When shipping a Goods, each Railway link must contain at least 1 Depot (either your own or that of another player’s) in order to move through it. Anytime that a player ships a Good through a space where they need to use another player’s Depot (because they do not have one of their own in that Railway link) they are required to play that player a $1 Toll Fee. Player’s may ship Goods a number of spaces equal to their Train’s rating. A space is defined by a Railway link and/or a City demanding that particular Good.


For instance, it is Player X’s turn to take an Action and he chooses to ship some Goods. He current Train Rating is at level 4, meaning that he can ship a maximum of 4 spaces when taking this Action. One of his Depots currently holds 3 Food, 2 Machinery, and 1 Textile Good. Although he could ship the single Textile good to the neighboring City of Woonsocket, he would make much more money for shipping his 3 Food goods to nearby Raposa (remember that money is made off of each individual good token sold). In order to ship these Food goods from his current Depot to Raposa, he would first need to travel through Etherton and Woonsocket.

Player X has a Depot located on the Railway link between Etherton and Woonsocket, but does not have one between Woonsocket and Raposa. However, Player Y does have a Depot of his own between Woonsocket and Raposa that Player X could use to ship through. Player X would need a Train Rating of 3 in order to ship his 3 Food Goods all the way to Raposa:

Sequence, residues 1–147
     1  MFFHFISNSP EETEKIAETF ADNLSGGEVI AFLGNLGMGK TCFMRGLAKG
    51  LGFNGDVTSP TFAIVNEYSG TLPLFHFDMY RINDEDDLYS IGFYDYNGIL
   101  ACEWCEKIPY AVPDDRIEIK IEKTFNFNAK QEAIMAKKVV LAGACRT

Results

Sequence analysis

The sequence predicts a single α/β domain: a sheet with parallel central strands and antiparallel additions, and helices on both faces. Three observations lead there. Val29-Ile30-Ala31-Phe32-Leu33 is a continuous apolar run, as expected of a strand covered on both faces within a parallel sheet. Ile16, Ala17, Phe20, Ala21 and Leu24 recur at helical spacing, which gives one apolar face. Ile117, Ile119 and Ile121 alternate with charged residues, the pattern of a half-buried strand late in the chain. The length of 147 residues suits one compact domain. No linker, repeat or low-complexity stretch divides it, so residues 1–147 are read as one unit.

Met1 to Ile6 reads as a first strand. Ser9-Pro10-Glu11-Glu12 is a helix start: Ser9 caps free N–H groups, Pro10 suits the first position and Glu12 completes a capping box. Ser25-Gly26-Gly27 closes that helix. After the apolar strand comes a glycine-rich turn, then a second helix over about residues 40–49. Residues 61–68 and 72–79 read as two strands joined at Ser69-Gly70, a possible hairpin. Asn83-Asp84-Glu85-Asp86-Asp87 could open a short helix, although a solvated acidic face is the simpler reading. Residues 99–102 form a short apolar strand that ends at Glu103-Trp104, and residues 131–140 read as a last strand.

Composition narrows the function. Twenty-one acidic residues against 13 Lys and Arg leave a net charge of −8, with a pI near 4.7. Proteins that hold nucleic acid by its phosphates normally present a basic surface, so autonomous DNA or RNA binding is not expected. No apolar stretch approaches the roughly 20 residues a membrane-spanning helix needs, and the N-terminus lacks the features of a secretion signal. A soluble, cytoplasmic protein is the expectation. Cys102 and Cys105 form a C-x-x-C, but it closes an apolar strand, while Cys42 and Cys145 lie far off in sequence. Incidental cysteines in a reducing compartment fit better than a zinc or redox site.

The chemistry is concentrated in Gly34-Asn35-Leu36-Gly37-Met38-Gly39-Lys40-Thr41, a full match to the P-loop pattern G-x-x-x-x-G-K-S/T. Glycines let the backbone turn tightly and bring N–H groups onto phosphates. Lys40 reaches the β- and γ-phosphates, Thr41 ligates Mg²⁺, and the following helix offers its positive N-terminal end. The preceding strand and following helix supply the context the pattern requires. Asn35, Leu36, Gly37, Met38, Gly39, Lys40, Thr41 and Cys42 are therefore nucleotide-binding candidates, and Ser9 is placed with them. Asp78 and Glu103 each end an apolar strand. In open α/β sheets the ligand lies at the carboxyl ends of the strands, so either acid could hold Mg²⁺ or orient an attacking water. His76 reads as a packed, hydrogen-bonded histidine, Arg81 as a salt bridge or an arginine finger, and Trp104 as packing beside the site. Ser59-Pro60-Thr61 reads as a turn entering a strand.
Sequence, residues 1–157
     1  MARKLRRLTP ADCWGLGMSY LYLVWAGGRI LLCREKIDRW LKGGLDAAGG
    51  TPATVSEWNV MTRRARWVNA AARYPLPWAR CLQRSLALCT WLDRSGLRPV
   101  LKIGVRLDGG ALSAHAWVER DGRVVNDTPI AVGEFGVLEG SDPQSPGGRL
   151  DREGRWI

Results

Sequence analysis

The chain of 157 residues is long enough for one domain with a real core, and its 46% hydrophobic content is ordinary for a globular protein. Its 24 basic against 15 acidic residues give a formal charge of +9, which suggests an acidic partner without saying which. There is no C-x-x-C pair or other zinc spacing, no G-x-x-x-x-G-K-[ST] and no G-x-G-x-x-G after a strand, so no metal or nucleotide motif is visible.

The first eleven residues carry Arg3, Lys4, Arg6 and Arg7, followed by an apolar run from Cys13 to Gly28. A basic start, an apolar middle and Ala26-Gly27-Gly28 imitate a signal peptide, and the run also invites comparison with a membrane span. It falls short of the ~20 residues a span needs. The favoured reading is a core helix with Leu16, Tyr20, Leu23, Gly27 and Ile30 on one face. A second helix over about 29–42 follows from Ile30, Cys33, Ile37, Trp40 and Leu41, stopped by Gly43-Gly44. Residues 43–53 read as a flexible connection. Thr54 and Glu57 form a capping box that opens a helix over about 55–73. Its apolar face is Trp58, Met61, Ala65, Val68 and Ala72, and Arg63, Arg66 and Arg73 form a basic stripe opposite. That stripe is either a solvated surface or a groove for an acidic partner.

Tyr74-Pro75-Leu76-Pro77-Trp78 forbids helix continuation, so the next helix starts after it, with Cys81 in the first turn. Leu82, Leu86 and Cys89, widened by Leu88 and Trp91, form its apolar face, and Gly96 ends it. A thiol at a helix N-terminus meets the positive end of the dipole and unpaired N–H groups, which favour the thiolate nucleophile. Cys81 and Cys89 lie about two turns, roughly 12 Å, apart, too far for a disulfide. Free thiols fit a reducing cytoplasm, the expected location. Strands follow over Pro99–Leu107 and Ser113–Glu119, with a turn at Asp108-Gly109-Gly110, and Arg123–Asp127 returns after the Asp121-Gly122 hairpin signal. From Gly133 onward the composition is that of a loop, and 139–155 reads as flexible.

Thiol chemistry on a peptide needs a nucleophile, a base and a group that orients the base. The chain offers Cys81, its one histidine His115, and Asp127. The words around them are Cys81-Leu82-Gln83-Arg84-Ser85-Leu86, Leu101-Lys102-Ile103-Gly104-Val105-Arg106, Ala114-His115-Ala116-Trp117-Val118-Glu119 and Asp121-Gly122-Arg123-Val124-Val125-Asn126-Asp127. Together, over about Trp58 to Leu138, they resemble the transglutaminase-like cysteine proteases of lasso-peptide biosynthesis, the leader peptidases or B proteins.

– from his current Depot to his Depot between Etherton and Woonsocket = 1 space

– from his Depot between Etherton and Woonsocket to Player Y’s Depot between Woonsocket and Raposa = 1 space

– from Player Y’s Depot between Woonsocket and Raposa to the City of Raposa = 1 space

Since Player X has a Train Rating of 4, he would be allowed to ship his 3 Food Goods to Raposa. He would then place these 3 Goods on the empty goods spaces of the Raposa City space.



According to the current Marketplace, Food Goods sell in this Round for $6 a piece, therefore Player X would receive $18. He would then pay $1 to Player Y for using 1 of his Depots during the shipping Action.


When a City space has been filled completely with Goods, a new Demand tile is randomly drawn from the right side of the Marketplace board and placed over top of the City space. These Demand tiles only require 3 of a certain type of Goods before the City no longer demands that Good. Once one of these Demand tiles has been filled, the tile is flipped over and this particular City will demand nothing else for the rest of the game.




5.) Route Adjustment – There are times during the game when a player will need to adjust their planning, or may not have played the right type of Movement cards to get where they wanted to. As an Action, a player may make a Route Adjustment by moving their Airship 1 space in any direction. When doing so, the player is allowed to take the immediate Load/Unload action if able.